As a European, muscle cars are something that have often eluded me. Sure, I understood why people would buy them, but I had no idea why I should buy one. Driving one does feels like an occasion. Turn them on, and the old V8 growls awake. Then you have the straight-line performance, which is often pretty good. Cornering though is often an issue.
I always thought myself more of a Mustang man. Boss 302 for me, please. However, just like many Europeans, it would remain at the dream stage for me. Owning a muscle car in Europe is like owning a cheetah with a taste for human flesh, it just would not happen.
Then one day, I was invited to drive a European version of the 2012 Chevrolet Camaro Convertible. It was a white one with go-faster black stripes (retailing for a meager €1,200). Under the hood was a powerful 6.2L V8 doing about 420bhp. Seemed like a lot, until I remembered the Germans can get that power from a V6, and the Japanese from a 4-banger. The great point about this Camaro was that it had a manual gearbox. This way, you actually felt that you were in control, trying to wrestle with the huge engine.
From the outside, the whole thing was very American. The car was very wide, high, big, a pantomime of a car really. The wheels may have been 21 inches, they looked of average size on it. Outside, it is all sharp edges, making the car look cool and retro, but it does feel slightly over the top. Inside, the driver is greeted with cheap plastics and retro counters. It looked good, but did not feel right for the price tag. Once installed though, the driving position was very good. You had great overall vision (it is a convertible after all), and the seats were comfortable (it is American after all). Inside, it does feel fairly small, however, considering the size of the beast This is partly due to the big centre console, upon which sits the gear lever, and an awkwardly placed handbrake. Everything felt in its proper place. Turn the ignition on, and that familiar V8 growl greets you, albeit slightly muffled. Not as good as what Mercedes can do with a 6.2L V8 though.
Now this was my first time driving such a car, and I was a bit scared. Would the car spin hopelessly when I touched the accelerator pedal? Would I crash into my nearby parked Golf? Luckily none of these happened. The clutch was not hard to operate, and the car just moved forward, with no hassle. The gearbox may have been a bit stiff, but once you got used to it, it actually felt very good. On the open road though, I got an epiphany.
Mash the throttle, and the car howls with pleasure. It leaps forward, and you are greeted by the great sound. Your senses come alive and you get a small adrenaline rush. It may be a very wide car, but because of the good visibility, it is very easy to place on the road. I had no fear at all with on-coming traffic. The Camaro may be 1.92 meters wide, it was very easy to drive. Then came the bigger shock when I faced my first corner. I turned the wheel, and the car obeyed with no hesitation, the steering was precise and direct, perfectly weighted. It may not offer the driving feel of a Porsche 911, but it is still very good, considering what we knew about old muscle cars. It did not feel like an American movie car, where you steer in a straight line. Here, you turn, and the car immediately reacts. Dare I say it? It handled like a European car! No hassle, no body roll, just simple precise movements. They even got the damping spot on, not too firm, but it allowed you to feel the road. Don’t get me wrong, it was no Elise, but for the size, it was very good. I would go on to say it was as good as the C63 AMG I drove. What a joy it was to fling these near two tons of American muscle through windy European roads. I was in love. And because you do not see this type of car everyday in Europe, people smile and wave at you. In this car you look like a fun guy with some imagination, in the equivalent Audi, you look like a pretentious douche.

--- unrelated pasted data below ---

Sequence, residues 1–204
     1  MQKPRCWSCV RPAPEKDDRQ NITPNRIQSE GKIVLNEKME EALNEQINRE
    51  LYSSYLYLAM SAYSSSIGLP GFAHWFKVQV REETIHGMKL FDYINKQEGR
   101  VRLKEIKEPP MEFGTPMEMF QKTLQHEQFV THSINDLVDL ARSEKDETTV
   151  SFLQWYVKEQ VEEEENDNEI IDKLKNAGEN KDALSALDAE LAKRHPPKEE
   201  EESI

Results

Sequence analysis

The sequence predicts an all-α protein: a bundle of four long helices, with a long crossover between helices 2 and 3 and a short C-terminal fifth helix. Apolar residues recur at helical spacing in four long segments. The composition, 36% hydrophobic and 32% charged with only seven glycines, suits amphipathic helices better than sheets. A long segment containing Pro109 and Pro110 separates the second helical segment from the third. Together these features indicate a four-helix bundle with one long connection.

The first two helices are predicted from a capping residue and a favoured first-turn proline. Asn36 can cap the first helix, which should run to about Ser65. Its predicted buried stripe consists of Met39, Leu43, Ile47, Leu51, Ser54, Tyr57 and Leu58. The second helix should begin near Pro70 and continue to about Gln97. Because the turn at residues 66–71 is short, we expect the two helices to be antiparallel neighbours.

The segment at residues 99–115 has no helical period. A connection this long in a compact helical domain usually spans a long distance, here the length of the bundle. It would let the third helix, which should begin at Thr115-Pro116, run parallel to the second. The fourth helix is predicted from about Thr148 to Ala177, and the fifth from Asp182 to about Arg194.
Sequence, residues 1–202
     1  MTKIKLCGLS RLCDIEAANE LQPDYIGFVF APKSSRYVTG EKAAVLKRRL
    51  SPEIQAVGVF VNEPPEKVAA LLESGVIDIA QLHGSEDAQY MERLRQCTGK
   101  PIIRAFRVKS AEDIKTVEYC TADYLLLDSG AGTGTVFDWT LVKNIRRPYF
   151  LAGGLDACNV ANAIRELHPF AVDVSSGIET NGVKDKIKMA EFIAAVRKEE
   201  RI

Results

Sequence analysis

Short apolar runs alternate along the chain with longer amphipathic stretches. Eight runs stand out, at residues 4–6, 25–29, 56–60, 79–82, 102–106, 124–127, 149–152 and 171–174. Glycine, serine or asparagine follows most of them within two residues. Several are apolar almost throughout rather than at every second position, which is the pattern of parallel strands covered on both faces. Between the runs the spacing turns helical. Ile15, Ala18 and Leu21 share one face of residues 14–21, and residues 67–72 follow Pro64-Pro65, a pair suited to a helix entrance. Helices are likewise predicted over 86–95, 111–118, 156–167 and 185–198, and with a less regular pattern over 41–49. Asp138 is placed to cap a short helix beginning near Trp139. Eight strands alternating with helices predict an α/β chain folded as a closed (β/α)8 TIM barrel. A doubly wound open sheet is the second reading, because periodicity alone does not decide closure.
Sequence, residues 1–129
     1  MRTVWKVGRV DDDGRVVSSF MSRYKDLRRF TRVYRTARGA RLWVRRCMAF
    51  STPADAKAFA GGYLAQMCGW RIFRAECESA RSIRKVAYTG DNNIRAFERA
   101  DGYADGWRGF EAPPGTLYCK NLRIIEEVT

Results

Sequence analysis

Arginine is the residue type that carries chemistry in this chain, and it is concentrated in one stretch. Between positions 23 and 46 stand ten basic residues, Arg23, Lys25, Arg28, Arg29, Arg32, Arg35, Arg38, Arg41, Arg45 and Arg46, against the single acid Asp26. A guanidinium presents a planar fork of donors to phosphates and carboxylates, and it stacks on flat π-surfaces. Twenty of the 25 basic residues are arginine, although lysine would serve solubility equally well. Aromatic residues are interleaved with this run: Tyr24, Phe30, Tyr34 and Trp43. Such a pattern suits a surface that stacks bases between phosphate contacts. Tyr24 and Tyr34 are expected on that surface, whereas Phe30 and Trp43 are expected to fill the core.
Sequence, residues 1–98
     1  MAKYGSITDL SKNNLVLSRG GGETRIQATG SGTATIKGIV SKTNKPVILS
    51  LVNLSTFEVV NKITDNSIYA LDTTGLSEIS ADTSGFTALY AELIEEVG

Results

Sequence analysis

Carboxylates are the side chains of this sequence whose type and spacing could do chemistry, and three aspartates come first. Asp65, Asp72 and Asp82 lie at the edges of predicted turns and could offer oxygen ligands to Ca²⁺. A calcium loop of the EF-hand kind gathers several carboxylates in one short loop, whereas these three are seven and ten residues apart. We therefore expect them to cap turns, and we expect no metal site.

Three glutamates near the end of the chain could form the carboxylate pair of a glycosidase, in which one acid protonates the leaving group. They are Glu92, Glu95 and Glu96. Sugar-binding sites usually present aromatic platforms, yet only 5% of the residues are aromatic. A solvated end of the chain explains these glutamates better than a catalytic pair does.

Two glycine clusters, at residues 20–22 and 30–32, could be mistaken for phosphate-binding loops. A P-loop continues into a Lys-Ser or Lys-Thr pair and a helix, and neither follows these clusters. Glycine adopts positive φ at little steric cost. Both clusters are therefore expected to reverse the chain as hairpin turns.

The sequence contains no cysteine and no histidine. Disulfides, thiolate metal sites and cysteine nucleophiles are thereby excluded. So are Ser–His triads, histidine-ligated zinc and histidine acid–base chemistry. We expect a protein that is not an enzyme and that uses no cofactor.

The only slight disappointment I got was with the engine. I always imagined these old American V8s were torque monsters, which could burn rubber by simply looking at the gas pedal. With this one though, it felt a bit weak below 3,000rpm. After that, you felt the power, but below, it just lacked grunt. Mash your foot down at 2,000rpm and there would be some lag before the car decides to properly go. Thinking of it, it felt like a sporty European engine, where you have to rev it to get the best power. Could it be that this is actually a European car in disguise?
This being a muscle car also, what better way to unwind after all this excitement, than to disconnect the traction control and do a bit of hooning, via some good old fashioned elevenses. It was a little disappointment then, however, as when you mash your foot down, and lift off the clutch, the ensuring burnout was relatively small. More sound, power and torque was needed methinks, and I can only hope to drive the new LS1 version then.
This drive has converted me. That combination of European handling and American muscle is perfectly balanced, it is weird the Mustang is not like that, given Ford’s European links. Screw the Mustang, my muscle car of choice is now the Camaro, in convertible form, to enjoy that glorious sound. Unless I get my hands on a Cadillac CTS-V.
The only problem I could see with owning a Camaro in Europe is the fuel consumption. After a day of hooning, I managed 10 miles per gallon, which is very, very expensive in the long run.
However, given the amount of fun you can have, and the smiles you get, it is worth it. And taken into account the price per horsepower, it is actually a great bargain!